Epitope mapping of the human biliary amphipathic, anionic polypeptide: Similarity with a calcium-binding protein isolated from gallstones and bile, and immunologic cross-reactivity with apolipoprotein A-I

N. Domingo, J. Grosclaude, E. D. Bekaert, D. Mege, M. J. Chapman, S. Shimizu, M. Ayrault-Jarrier, J. D. Ostrow, H. Lafont

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Abstract

Biliary amphipathic anionic polypeptide (APF) the major protein of the pigment-lipoprotein complex in bile, and calcium-binding protein (CBP) from gallstones are both small (< 10 kDa), highly acidic, amphipathic proteins present in bile and closely associated also with pigmented areas in human gallstones. Polyclonal antibodies against APF have shown cross-reactivity with plasma high density lipoproteins (HDL). This study examines the hypothesis that APF and CBP might be closely related or even identical, and might also share common epitopes with the larger apoA-I (23 kDa). To assess this, immunoreactivity of the three delipidated, highly purified proteins was determined against a panel of 12 monoclonal antibodies (MAbs) prepared against APF and a panel of 4 MAbs against apoA-I. APF was isolated from bile by zonal ultracentrifugation. CBP was isolated from proteins precipitated from bile by CaCl2, as well as from the calcium bilirubinate shells of cholesterol gallstones, by extraction successively with methyl-t-butyl ether, methanol, and Na2EDTA, followed by Sephadex G-25 chromatography and two- stage preparative SDS-PAGE. ApoA-I was prepared by two types of chromatography: Sephacryl S200 chromatography and heparin-chromatographic immunoaffinity. Specific polyclonal antibodies to APF and apoA-I were prepared from immunized rabbits. MAbs to APF and apoA-I were prepared by immunization of mice, using standard hybridoma technique. Western blotting of APF and CBP in 15% SDS-PAGE yielded one band with an apparent molecular weight of 6.5 kDa, which, along with apoA-I, was immunostained by polyclonal antibodies to APF and apoA-I. Using 12 MAbs against APF with three types of ELISA (direct antigen binding, competitive antigen displacement, and epitope competition between antibodies), it was shown that APF and delipidated apoA-I shared six epitopes, three of which were detected also on the surface of intact HDL particles. Six other epitopes were present in APF but not apoA-I, four of which were exposed on the surface of HDL. Four MAbs against apoA-I reacted with APF and CBP. Amino acid analyses of APF and CBP were similar with 20-23% acidic and 7-11% basic amino acids and low contents of cysteine, methionine, and tyrosine; both differed from apoA-I in containing isoleucine and cysteine. Using ELISA and one MAb (no. 32) against APF, this polypeptide was detected in human plasma HDL, the pigment-lipoprotein complex in the bile of humans, dogs, and rats, and in both pigment and cholesterol gallstones. Like CBP, APF contained tightly bound bile pigments and arrested the precipitation of calcium carbonate from a supersaturated solution in vitro. These common properties and immunological cross-reactivity between APF and CBP suggest that the two proteins may be identical, and likely play a role in both transport of cholesterol and precipitation of calcium salts in bile, and therefore in the formation of both cholesterol and calcium/pigment-containing gallstones. APF/CBP also shares some epitopes with apoA-I and plasma HDL. The presence of amino acids in APF/CBP not found in apoA-I, however, renders it probable that APF is a true minor apolipoprotein of HDL, distinct from apoA- I, that binds tightly to the surface of HDL.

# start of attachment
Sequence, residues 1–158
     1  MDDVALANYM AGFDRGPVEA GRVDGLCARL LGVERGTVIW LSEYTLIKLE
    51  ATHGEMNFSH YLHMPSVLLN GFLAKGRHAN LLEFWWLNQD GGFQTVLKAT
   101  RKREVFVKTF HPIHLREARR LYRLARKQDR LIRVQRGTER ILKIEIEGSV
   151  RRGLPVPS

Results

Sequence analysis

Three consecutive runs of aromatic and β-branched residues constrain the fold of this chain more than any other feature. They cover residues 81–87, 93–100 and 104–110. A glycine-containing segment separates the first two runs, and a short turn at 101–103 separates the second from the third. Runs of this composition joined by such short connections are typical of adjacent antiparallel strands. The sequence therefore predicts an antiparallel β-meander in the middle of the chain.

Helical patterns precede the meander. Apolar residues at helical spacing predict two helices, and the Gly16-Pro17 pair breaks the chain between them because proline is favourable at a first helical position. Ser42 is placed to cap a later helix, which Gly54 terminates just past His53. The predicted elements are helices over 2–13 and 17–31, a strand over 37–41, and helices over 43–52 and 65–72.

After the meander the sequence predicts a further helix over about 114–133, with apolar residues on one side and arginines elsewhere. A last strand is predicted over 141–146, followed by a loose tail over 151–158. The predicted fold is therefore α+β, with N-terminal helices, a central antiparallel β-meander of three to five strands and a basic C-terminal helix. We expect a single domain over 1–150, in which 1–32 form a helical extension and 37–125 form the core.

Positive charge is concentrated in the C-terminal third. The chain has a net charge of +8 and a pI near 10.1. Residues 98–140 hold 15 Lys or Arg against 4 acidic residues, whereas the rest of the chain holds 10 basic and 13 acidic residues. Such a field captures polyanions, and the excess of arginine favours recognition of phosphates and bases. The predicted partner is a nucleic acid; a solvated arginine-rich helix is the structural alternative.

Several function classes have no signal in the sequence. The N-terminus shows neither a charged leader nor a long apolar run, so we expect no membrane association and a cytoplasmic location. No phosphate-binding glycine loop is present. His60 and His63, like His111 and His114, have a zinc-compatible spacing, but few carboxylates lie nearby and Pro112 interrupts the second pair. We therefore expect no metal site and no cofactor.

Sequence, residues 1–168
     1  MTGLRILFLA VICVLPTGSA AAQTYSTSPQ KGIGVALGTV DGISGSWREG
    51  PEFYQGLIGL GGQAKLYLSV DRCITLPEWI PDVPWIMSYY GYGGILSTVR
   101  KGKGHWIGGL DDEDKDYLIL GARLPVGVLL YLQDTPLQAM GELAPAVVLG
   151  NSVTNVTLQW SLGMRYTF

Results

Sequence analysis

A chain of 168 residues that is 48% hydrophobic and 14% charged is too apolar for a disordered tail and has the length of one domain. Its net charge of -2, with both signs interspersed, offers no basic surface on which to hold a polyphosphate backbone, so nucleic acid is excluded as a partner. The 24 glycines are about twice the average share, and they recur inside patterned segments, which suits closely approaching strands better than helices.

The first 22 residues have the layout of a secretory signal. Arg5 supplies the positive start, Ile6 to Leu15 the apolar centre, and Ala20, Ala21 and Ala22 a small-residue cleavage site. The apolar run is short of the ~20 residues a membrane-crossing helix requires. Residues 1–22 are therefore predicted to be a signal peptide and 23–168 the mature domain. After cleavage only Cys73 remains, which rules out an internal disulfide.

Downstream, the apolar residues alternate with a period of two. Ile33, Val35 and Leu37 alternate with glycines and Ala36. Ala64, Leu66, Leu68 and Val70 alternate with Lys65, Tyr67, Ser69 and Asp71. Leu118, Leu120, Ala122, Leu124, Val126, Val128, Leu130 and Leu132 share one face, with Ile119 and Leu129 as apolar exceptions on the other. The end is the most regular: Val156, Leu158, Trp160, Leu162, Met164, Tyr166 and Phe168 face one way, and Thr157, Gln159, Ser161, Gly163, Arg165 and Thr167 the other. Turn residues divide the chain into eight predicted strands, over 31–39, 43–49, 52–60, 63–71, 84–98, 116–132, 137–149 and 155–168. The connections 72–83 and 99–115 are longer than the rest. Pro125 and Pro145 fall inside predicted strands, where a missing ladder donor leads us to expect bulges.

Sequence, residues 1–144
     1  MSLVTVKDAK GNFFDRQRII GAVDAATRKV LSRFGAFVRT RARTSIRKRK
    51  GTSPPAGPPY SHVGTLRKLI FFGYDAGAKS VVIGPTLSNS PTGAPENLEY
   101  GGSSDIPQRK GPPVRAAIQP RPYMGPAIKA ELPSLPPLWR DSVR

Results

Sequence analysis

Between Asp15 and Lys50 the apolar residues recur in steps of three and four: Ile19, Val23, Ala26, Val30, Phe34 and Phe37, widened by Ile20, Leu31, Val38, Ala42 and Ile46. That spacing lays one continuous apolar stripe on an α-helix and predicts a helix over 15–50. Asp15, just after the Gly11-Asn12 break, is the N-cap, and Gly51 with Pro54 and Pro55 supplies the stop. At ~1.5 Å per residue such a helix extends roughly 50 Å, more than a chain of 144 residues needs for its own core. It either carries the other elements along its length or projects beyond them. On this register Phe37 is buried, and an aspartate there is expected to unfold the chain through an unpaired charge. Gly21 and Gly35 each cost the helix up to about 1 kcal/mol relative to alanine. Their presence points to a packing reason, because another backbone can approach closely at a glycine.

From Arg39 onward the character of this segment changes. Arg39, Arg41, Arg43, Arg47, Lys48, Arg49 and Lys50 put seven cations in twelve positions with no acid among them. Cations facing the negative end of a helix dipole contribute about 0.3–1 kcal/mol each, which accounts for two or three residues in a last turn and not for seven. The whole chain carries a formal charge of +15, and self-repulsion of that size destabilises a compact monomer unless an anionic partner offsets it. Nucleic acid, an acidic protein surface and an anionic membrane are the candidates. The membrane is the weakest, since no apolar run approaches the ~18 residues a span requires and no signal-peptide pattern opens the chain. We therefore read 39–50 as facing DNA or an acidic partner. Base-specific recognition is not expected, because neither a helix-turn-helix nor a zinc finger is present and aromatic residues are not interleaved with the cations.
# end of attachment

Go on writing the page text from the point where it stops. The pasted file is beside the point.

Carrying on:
Original languageEnglish
Pages (from-to)1419-1430
Number of pages12
JournalJournal of Lipid Research
Volume33
Issue number10
Publication statusPublished - Jan 1 1992

All Science Journal Classification (ASJC) codes

  • Biochemistry
  • Endocrinology
  • Cell Biology

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